Tuesday, April 29, 2008

I've got madd skills, yo

"Yo, Miss," my Brooklyn students often said to me, "I've got madd skills." They always said this when they'd finally figured out something difficult, like subject/verb agreement or the art of using an apostrophe.

Yes, I'd say. You do.

I'm a city girl. I don't belong anywhere else. I've learned this about myself over the years, especially those years I spent in any place with a population under a million. When you grow up outside Chicago and cut your adult teeth in New York City, you stop being afraid of things. Bad things happen. You deal.

I wasn't always this way. As a young girl I had great fear. Common cruelty from other children was something I couldn't brush off. 

I remember one day -- it was the first day of school -- another girl came up to me and said she liked my shoes. I went to Catholic school and because we wore uniforms, the only real differentiator between us girls was our shoes. (And in the winter, our legwarmers.) I hadn't liked these shoes, but picked them because they were the only option available to me. That's why I was so surprised when Lorena said she liked them. Really? I asked her. "Yes," she said. "I used to have shoes exactly like that. But then my dad got a job."

Yeah. More than twenty years later, and I remember that like it was yesterday.  Hey, don't judge.  I told you I internalize things.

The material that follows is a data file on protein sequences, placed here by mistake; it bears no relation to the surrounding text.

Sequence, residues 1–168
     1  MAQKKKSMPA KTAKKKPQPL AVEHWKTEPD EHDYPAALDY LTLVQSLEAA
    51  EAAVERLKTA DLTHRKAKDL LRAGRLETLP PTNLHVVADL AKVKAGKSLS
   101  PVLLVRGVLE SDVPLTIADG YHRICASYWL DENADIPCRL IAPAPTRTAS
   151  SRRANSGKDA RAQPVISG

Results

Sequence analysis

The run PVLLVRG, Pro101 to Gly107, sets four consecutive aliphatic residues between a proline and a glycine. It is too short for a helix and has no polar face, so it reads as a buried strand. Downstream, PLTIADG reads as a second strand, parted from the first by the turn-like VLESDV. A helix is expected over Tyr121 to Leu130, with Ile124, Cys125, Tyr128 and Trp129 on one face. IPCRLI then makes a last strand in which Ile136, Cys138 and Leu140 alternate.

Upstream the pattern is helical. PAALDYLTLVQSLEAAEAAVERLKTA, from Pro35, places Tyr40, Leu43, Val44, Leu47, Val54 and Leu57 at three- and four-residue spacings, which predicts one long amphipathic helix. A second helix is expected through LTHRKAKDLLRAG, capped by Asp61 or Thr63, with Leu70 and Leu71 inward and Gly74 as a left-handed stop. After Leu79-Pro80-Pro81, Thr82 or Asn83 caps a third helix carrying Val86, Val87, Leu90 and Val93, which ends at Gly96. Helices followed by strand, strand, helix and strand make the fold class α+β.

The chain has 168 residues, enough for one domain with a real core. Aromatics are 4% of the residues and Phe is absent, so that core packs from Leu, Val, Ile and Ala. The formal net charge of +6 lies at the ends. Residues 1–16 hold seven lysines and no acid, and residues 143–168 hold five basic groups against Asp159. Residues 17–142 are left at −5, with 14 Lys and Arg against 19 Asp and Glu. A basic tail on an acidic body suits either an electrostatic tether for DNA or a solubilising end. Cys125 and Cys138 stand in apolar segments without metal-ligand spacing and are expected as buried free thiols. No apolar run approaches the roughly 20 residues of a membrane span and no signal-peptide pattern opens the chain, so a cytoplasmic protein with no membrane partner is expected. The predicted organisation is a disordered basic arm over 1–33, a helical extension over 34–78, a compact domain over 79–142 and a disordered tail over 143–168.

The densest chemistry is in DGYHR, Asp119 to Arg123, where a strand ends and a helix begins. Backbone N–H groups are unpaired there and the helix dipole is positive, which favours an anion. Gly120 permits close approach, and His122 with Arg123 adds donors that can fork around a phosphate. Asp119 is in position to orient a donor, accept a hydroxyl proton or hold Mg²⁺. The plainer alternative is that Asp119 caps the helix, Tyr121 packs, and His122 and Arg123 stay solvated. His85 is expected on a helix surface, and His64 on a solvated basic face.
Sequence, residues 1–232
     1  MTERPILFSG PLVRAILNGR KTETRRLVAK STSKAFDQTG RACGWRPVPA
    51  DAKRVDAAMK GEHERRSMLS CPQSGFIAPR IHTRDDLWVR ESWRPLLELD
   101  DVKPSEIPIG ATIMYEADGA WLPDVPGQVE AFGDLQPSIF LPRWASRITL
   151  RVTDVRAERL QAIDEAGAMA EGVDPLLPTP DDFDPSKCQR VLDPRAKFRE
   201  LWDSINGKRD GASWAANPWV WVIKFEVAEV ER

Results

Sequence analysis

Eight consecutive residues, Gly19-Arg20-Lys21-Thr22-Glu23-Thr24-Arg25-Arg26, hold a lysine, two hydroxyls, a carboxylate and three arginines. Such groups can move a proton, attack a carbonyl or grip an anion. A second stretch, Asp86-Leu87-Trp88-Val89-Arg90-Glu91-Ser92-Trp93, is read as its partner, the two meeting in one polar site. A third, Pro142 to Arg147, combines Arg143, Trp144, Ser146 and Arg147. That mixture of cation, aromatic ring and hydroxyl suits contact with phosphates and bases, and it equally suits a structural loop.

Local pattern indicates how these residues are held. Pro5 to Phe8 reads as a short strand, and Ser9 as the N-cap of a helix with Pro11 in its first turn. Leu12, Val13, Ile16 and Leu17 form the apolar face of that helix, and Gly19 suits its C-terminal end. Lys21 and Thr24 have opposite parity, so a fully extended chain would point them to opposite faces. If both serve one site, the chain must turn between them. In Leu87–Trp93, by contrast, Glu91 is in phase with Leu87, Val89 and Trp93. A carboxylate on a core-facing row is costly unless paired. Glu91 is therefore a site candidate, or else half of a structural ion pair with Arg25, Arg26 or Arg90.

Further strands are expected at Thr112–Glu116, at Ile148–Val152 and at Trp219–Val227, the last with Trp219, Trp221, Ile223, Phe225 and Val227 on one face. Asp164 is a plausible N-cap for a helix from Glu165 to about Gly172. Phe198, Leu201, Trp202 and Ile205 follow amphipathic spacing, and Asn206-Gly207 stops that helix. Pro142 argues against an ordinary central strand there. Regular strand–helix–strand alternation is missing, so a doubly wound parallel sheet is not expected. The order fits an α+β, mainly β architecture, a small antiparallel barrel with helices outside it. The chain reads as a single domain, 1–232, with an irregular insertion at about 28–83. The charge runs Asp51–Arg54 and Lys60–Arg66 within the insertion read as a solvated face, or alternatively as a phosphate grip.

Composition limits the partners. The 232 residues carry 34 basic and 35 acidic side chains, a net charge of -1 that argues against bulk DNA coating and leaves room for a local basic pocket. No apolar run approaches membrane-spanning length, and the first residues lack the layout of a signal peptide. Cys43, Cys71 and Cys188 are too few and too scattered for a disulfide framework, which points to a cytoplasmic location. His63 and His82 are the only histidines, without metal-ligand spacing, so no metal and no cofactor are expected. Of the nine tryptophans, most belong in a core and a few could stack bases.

I don't remember what I did after that. I probably did what I always do in a situation where someone hurts me: I pretended that it didn't. But when I lay in bed that night, I thought of all kinds of alternate responses like, "Your dad has a job? I couldn't tell."  Or, "Even with a job, your dad couldn't have afforded these shoes."  Or, "Who paid for your haircut?  Your dad?  You should get his money back."  None of these came to me in the moment, of course.

I tell that story to my students all the time and they all want to know if I kicked her ass. Of course I didn't. I spent my entire childhood looking for approval from my peers, and when I didn't have it, I would work and work to convince whoever didn't like me to change their mind. And I'd win, because really, I was a winning kind of kid. Lorena and I eventually became friends. I'd go over to her house, she'd show me her Menudo magazines, and we'd sigh over them together.

Yeah.  I don't know what we were thinking.

It's still incredibly easy to hurt my feelings; I've just gotten much better at hiding it.   You have to have this ability as a teacher because kids will say the meanest stuff to you all. the. time. If you can't look them straight in the eye after they tell you that your platform shoes make you look like the sixth Spice Girl, the one named Teacher Spice, you won't survive more than two weeks in front of a classroom.  (Even I had to admit that one was funny.  But yeesh.  They were new shoes.  And platforms were very in at the time.  I swear.)

Okay, fine.  Yes.  Platforms are only a good idea if you're a Spice Girl.  Shut up.  

So I lived in Brooklyn for a bunch of years and cut my classroom teeth on Brooklyn teenagers and spent my nights out in Manhattan nightclubs and now I'm not afraid to talk to anybody.